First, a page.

TUCKING MILL is a small hamlet within the parish of
Monkton Combe ,
Somerset , England. It lies on
Midford Brook and was a key point on
the now disused
Somerset Coal Canal .
It is at the southern end of the
Two Tunnels Greenway
Two Tunnels Greenway which follows
the disused railway trackbed of the
Somerset and Dorset Joint Railway
Twerton through the Bath suburb of
Oldfield Park to the
Devonshire Tunnel , emerging into Lyncombe Vale before entering the
Combe Down Tunnel , and then coming out to cross
Tucking Mill Viaduct
There is also a small reservoir, which is now a fishery for the
* 1 William Smith\'s home
* 2 Fuller\'s earth factory
* 3 Gallery
* 4 References
WILLIAM SMITH\'S HOME
From 1798 until 1810
Tucking Mill was the home of William Smith , an
English geologist , credited with creating the first nationwide
geological map . He is known as the "Father of English
Geology " for
collating the geological history of
England and Wales into a single
record. He worked on the
Somerset coalfield and the
Canal . There is a plaque on
Tucking Mill Cottage saying that it was
Smith's home, which was erected in 1888, on the mill which was
demolished in 1927, and the tablet was mislaid. When the plaque was
rediscovered in the 1930s the
Geological Society of London
Geological Society of London and the
Bath Royal Literary and Scientific Institution placed it on the 18th
century cottage,. However, it is now believed that he actually lived
in the nearby
Tucking Mill House. During his occupation he built a
small railway to transport stone from a quarry at Kingham Field, Combe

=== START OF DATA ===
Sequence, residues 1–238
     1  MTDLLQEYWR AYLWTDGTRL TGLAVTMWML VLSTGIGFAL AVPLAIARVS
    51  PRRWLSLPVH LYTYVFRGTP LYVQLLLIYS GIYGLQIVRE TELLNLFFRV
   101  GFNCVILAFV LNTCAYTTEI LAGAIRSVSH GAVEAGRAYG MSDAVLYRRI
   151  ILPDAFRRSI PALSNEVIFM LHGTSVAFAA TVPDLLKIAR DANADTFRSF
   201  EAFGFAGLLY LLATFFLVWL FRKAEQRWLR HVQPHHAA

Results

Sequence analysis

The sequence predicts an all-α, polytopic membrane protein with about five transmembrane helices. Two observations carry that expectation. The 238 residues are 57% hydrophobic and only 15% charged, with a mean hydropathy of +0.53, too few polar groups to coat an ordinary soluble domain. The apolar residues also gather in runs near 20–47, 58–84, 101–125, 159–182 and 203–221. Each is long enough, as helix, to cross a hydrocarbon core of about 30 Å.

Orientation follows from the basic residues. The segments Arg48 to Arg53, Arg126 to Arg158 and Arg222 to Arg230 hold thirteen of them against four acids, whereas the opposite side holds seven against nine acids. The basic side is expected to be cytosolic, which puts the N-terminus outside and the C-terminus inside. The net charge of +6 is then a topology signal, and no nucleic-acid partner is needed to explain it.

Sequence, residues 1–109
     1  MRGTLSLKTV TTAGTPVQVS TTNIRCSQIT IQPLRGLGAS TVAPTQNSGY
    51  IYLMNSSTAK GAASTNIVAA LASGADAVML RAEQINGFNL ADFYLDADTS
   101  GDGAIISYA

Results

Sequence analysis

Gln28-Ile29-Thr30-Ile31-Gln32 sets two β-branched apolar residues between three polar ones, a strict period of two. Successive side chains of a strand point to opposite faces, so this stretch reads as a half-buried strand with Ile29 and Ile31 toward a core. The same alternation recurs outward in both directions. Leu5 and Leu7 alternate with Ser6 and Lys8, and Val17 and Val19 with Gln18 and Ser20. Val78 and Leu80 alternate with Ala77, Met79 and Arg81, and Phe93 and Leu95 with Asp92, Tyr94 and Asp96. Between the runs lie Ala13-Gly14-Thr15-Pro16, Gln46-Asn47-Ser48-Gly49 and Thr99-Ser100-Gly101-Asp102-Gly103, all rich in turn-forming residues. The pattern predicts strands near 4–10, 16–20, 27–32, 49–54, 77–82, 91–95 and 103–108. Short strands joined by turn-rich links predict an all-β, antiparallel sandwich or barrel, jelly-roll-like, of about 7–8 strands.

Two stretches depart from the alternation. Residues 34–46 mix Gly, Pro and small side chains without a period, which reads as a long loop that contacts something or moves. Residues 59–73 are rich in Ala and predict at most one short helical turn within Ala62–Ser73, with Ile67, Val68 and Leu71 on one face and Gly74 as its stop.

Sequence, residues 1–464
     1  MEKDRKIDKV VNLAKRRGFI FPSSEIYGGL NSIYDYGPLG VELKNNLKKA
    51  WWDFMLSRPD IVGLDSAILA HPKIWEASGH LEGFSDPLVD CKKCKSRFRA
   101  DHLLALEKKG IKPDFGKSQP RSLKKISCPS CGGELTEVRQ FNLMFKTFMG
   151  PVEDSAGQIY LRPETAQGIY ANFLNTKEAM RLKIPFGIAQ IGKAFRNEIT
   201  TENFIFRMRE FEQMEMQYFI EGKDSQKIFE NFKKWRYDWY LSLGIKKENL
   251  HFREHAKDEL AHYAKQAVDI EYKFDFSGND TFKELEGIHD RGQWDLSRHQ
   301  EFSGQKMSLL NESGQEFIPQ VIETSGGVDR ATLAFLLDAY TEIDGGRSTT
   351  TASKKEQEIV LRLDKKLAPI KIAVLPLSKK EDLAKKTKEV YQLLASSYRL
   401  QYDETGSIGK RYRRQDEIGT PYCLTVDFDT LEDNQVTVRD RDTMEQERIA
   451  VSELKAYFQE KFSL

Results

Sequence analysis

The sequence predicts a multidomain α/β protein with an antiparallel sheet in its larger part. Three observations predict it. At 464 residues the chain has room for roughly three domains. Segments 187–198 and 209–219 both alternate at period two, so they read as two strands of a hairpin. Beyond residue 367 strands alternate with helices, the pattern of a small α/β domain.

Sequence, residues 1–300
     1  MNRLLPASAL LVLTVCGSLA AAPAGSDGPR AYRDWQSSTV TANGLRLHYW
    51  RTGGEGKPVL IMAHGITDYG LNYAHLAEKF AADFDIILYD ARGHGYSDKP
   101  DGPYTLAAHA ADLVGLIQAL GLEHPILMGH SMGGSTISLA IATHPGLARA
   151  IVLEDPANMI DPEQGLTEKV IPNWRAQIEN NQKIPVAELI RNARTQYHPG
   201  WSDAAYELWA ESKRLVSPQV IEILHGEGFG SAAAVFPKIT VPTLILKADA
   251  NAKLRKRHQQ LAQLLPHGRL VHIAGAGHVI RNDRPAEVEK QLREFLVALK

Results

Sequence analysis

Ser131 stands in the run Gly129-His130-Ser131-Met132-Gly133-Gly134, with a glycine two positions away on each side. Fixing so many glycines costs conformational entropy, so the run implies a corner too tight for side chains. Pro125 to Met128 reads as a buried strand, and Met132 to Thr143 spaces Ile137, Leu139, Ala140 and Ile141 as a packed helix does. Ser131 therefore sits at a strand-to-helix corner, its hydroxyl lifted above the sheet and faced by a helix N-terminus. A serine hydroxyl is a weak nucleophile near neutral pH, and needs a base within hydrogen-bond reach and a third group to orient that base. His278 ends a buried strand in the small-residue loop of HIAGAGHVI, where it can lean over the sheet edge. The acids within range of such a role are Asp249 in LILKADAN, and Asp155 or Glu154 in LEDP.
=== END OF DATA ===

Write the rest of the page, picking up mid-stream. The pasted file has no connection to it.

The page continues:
Down to the canal.
FULLER\'S EARTH FACTORY
From 1883 until the end of
World War II
World War II it was the site of a
fuller\'s earth factory. George Dames and his brother Charles Richard
Dames set up a mine in Horsecombe Vale. At the bottom of the valley
was the pan grinding works where water from Horsecombe Brook was used
to make a slurry from which sand settled at the bottom of troughs. The
slurry then passed through an earthenware pipe to Tucking Mill, where
a second stage of sedimentation took place in large troughs where it
settled for up to 30 days. Once the water had been drained by sluices
the damp caked earth was carried in wooden trams to kilns where it was
dried for three to four days. The product was used in the oil refining
and pharmaceutical industries. The original uses in woollen production
no longer used fuller's earth. A railway siding at
station was built specifically to load fuller's earth.
The cottage at
Tucking Mill which has a plaque saying that William
Smith lived there
The house William Smith actually lived in
* ^ "Two Tunnels Greenway, Bath". Explore. Ordnance Survey.
* ^ "Tucking Mill". wessex Water. Retrieved 19 November 2010.
* ^ "Tucking Mill, Pilgrimage to Smith of the Rocks". Bath Daily
Photo. Retrieved 19 July 2010.
* ^ "
Tucking Mill Cottage". Images of
English Heritage .
Retrieved 19 July 2010.
* ^ "William Smith". Bath Royal Literary & Scientific Institution.
Archived from the original on 13 October 2007. Retrieved 19 July 2010.
* ^ "
Tucking Mill House". Images of
English Heritage .
Simon Winchester , The Map That Changed the World: William
Smith and the Birth of Modern
Geology , (2001), New York: Harper
Collins, ISBN 0-14-028039-1 , pp. 103-104
* ^ "John Strachey, William Smith, and the Strata of England,
1719-1801". The Geological Society. Archived from the original on 5
June 2011. Retrieved 19 July 2010.
* ^ "William Smith\'s
Tucking Mill to Kingham Quarry Tramway". The
Somersetshire Coal Canal (Society). Archived from the original on 27
May 2011. Retrieved 19 July 2010.
* ^ Macmillen, Neil (2009). A History of the Fuller's Earth Mining
Industry Around Bath. Lydney: Lightmoor Press. pp. 33–52. ISBN